WHAT HAPPENED YESTERDAY? After a day off so the jury could get medical check-ups, the defense introduced a (final?) surprise forensic expert. Neuropathologist Jan Leetsma took the stand to discuss the involuntary movements Lana Clarkson's body might have made following the gunshot wound that severed her spine, ceased all motor skills and instantaneously killed her. The defense was trying to show that Phil Spector didn't tamper with Clarkson's body following her death. In gruesome testimony, we learned that the majority of Clarkson's blood leaked out onto the right side of her body, even though police found her head tilted toward the left. In a moment out of A Tale of Two Cities, Leetsma cited French Revolution-era guillotining to detail the zombie-esque movements a dead body can involuntarily perform post-death.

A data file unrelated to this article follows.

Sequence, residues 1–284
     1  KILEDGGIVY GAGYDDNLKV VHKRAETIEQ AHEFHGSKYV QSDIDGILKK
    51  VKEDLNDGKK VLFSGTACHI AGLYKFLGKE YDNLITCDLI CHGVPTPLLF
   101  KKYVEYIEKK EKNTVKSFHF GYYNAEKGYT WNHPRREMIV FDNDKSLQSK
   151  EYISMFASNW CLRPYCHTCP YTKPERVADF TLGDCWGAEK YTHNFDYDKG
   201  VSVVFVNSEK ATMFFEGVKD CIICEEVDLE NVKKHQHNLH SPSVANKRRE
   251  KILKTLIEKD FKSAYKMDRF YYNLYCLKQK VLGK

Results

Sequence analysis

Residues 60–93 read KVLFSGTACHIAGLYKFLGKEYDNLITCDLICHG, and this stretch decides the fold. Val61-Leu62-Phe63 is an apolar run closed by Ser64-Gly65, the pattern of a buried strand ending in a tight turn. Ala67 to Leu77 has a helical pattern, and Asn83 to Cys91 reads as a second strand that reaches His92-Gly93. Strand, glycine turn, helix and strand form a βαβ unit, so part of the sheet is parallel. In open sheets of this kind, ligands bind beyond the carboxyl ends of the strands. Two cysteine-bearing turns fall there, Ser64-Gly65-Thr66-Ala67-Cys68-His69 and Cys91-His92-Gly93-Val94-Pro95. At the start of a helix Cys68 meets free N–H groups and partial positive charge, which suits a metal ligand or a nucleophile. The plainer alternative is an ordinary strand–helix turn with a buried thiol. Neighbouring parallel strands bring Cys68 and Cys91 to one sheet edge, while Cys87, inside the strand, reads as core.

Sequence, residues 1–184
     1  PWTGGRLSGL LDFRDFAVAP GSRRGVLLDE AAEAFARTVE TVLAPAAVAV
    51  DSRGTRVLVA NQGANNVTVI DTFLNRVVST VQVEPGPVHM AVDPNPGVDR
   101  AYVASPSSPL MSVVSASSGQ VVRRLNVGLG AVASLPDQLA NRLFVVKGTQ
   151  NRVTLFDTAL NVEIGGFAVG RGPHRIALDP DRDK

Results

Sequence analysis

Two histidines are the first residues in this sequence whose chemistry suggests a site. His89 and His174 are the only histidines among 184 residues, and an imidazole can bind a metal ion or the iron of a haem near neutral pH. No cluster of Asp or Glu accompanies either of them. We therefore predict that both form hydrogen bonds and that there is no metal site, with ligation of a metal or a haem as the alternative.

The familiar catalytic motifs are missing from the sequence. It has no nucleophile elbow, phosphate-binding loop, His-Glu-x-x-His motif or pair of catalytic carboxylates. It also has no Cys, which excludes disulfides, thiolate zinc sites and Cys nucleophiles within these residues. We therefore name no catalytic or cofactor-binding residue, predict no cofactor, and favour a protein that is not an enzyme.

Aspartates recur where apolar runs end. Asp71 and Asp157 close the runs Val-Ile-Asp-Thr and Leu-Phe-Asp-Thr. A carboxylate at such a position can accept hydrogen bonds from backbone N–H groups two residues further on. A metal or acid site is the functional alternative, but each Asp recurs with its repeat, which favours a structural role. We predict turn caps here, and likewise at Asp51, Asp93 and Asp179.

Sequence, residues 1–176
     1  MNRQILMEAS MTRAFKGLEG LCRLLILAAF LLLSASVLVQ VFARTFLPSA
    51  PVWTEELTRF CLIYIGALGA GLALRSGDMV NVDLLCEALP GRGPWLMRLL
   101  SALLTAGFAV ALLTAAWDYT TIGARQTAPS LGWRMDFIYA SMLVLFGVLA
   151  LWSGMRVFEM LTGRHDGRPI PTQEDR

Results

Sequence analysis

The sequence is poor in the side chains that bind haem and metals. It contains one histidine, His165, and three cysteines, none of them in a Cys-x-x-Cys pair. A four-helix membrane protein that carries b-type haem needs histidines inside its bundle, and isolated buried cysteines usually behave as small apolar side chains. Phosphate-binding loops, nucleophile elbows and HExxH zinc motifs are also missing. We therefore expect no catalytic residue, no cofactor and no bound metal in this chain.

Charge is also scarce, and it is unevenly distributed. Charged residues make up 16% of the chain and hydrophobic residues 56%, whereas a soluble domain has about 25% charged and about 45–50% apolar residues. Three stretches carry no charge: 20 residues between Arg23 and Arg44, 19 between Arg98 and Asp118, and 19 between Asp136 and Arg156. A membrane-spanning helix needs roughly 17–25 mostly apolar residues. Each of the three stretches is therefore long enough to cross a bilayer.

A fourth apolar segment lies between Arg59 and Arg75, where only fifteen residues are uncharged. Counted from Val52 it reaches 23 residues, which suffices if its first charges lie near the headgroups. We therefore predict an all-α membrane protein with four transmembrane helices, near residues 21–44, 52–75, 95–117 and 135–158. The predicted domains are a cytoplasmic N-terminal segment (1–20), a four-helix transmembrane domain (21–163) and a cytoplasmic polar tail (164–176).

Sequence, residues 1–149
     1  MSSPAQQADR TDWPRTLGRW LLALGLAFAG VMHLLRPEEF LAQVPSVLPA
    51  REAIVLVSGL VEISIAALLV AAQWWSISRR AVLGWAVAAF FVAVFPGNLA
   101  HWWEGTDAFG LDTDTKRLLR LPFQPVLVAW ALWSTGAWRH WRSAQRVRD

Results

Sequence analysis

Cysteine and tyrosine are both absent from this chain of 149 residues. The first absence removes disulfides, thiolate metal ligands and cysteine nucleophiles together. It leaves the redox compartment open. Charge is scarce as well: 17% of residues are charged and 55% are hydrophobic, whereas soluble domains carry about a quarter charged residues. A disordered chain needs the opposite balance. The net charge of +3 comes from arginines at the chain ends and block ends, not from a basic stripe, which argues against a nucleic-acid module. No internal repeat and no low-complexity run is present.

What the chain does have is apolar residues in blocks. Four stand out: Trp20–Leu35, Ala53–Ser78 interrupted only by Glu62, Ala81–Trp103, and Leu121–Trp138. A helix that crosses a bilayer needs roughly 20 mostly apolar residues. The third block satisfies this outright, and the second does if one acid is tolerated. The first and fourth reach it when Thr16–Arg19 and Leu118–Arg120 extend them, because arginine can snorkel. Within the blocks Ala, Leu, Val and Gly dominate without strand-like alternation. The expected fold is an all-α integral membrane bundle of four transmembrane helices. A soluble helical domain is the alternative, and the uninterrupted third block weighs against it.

IS THIS GOOD OR BAD FOR SPECTOR? Neither. While the testimony about dead bodies moving was morbidly riveting, the overriding evidence (a wet, bloody diaper and blood spatter on Spector's white suit jacket) still points to him repositioning Clarkson's body as he attempted to clean the scene of the crime.
MEANWHILE, OUTSIDE OF COURT: Spector's defense team reluctantly continues on without Linda Kenney-Baden. Kenney-Baden, who acts as a liaison between Spector and all the legal speak, continues to be missing from court because of illness. Between this and Bruce Cutler's absence due to filming a TV show, Spector's squad is operating extremely shorthanded.